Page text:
It is that very conviction that allows us to engage with grace and reasonableness.  God is our ultimate advocate, but unlike me he always brings perfect measures of grace and wrath, with perfect regard for our family members as well as those who are (or supposed to be) serving them, with perfect knowledge about what will ultimately bring him the greatest glory.

That allows us to say things like, “I disagree” and keep it on the subject at hand rather than making it personal by focusing on the skill, experience, competency or feelings of another.  If that person lacks skill or competency to get what we need, we keep pressing on, without rancor or anger, seeking the best outcome.

That is much easier said than done, in my experience.  I can’t prove it, but I think some people have baited me, trying to goad an emotional, angry response out of me so that they could put the ‘unreasonable, irrational’ father tag on me.

Today I try to remember that Jesus’ blood can cover the sins of that person across the table from me, or on the other end of the telephone, or who just sent the email or letter – they could be brothers or sisters in Christ!  If not today, then maybe someday in the future, and maybe God will use our persistent yet hopeful engagement on behalf of our children to reveal himself in all his glory.

Persevering is generally most of the battle anyway, even with insurance companies!  (Though I haven’t won all of those battles, either – and God is still good.)

People in positions of authority have lied to me about what can and cannot be provided to my son.  Some of them have also treated their subordinates very badly, not equipping them (and lying about it) to do the job they are being paid to do for my son. Those people should be afraid as we advocate for our children (just like in Acts 16:35-40).

Even more so, they should fear the God who made and has deep regard for our children with disabilities:

You shall not curse the deaf or put a stumbling block before the blind, but you shall fear your God: I am the Lord. Leviticus 19:14

Getting the right services and treatments – ones that could make a real difference – isn’t a hypothetical issue in our family, or yours.

But God is greater, and trusting him lets us behave in ways that make him look glorious, encourages us to persevere when all seems hopeless, helps us serve our families better, and doesn’t let the roots of pride or bitterness – which could destroy us – take hold in the midst of our complicated lives.

Yes, even when it appears we are losing and our own emotions are crying out for vengeance.  The Lord of the universe will judge rightly on our behalf:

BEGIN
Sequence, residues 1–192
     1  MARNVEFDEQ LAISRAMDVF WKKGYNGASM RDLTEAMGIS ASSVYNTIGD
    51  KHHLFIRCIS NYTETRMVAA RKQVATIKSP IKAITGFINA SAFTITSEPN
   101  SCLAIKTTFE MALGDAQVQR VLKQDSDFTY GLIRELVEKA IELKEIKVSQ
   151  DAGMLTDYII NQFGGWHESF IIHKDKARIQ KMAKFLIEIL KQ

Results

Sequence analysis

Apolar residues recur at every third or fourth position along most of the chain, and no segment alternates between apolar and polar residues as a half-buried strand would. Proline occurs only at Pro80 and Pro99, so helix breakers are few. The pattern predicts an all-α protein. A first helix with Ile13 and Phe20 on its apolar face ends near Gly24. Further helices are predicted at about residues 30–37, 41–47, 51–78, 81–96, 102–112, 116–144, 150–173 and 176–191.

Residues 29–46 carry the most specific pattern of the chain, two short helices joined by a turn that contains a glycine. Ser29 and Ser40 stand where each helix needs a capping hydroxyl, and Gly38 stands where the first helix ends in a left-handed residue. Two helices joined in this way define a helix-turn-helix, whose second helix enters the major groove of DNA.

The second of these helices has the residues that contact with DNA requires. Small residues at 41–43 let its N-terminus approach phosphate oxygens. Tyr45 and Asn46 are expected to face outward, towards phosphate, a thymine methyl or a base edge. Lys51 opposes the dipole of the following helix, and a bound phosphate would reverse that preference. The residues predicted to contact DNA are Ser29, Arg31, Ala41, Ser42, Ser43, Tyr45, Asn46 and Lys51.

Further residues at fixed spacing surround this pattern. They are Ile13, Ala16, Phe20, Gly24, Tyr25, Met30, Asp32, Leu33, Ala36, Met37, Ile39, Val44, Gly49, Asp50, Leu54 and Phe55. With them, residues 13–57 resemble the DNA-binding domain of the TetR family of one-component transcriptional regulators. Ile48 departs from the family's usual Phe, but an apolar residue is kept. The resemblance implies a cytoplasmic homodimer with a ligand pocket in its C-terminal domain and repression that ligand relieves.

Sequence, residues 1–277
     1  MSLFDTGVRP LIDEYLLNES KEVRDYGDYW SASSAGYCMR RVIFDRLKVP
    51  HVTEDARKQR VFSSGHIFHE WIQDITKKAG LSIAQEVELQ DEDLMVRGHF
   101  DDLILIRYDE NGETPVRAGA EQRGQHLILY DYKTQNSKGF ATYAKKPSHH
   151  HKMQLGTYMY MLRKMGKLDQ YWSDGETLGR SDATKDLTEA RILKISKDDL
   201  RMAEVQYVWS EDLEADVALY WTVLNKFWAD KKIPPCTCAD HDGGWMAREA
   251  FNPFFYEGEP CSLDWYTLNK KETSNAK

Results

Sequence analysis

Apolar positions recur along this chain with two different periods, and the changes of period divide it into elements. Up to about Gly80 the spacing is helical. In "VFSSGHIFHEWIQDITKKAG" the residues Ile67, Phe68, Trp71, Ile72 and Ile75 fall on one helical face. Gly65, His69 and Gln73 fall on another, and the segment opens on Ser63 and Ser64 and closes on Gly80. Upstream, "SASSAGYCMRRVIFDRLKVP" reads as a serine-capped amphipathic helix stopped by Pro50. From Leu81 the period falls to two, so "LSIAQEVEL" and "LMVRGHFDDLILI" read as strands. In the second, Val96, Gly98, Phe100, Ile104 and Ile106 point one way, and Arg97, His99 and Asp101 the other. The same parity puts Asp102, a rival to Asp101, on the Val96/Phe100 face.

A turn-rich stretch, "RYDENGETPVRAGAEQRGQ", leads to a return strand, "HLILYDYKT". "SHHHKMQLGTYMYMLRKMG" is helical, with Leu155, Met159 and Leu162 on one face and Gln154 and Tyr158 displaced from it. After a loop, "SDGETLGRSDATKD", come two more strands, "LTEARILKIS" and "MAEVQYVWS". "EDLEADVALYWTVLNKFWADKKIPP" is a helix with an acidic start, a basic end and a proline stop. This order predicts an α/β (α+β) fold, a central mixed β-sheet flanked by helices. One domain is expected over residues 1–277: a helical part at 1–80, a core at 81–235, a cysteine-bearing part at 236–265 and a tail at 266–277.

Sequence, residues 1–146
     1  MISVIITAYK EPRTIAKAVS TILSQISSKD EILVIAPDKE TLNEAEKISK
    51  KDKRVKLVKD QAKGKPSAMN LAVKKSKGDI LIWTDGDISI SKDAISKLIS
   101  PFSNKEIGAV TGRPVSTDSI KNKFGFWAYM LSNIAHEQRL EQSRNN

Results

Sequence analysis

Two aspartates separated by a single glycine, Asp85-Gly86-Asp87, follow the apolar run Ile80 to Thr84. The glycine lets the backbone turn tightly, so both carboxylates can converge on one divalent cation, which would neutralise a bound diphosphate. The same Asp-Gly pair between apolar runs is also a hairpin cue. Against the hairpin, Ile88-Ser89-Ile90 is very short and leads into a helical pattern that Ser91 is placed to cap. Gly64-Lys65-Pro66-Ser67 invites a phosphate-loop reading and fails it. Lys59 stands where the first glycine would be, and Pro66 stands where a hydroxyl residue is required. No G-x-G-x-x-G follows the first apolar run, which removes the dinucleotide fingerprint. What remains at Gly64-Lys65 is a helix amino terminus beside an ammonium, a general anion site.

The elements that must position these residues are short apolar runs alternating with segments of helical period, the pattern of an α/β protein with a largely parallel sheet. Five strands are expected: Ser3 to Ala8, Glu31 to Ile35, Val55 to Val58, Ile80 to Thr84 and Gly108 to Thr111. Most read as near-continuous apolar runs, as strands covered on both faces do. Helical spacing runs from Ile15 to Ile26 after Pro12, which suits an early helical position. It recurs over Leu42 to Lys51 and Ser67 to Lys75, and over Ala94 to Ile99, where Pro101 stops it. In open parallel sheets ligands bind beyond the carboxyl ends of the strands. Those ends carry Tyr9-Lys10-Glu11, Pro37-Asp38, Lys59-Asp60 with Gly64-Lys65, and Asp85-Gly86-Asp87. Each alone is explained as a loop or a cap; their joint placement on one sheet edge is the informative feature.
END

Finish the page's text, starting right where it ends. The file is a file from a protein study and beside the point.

Repay no one evil for evil, but give thought to do what is honorable in the sight of all. If possible, so far as it depends on you, live peaceably with all.  Beloved, never avenge yourselves, but leave it to the wrath of God, for it is written, “Vengeance is mine, I will repay, says the Lord.” To the contrary, “if your enemy is hungry, feed him; if he is thirsty, give him something to drink; for by so doing you will heap burning coals on his head.” Do not be overcome by evil, but overcome evil with good. Romans 12:17-21

For we know him who said, “Vengeance is mine; I will repay.” And again, “The Lord will judge his people.” It is a fearful thing to fall into the hands of the living God. Hebrews 10:30-31

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Tim Challies pointed to an excellent blog posting by Mike Pohlman, who was writing about watching his wife battle her Stage IV cancer and persist in the fight of faith.  It is a short read, full of Bible and wisdom, and I recommend it.

My own Dianne also wanders off to see her oncologist every six weeks or so.  At every visit they take a sample of her blood to see if her Stage IV cancer is causing havoc again.

For six years she and I have lived with this regular reminder that the disease could return.  Statistically, it will return.  Actually, statistically, it should have killed her already.

So, like Mike with his Julia, I am humbled by this example in my home of faithful persistence.  God does not allow the specter of her disease to crush her or make her morose, but rather uses it to remind her that he is good and faithful and very, very strong and kind.  It has increased her affections for her children and her patience with me.  It has made God look very precious.

And someday, because of the One, we’ll never think about the numbers related to cancer markers again:

He will swallow up death forever;
and the Lord God will wipe away tears from all faces,
and the reproach of his people he will take away from all the earth,
for the Lord has spoken.
It will be said on that day,
“Behold, this is our God; we have waited for him, that he might save us.
This is the Lord; we have waited for him;
let us be glad and rejoice in his salvation.”

Isaiah 25:8-9

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Amazing testimony.

The video and audio are a little rough, but it is worth the 7 minutes.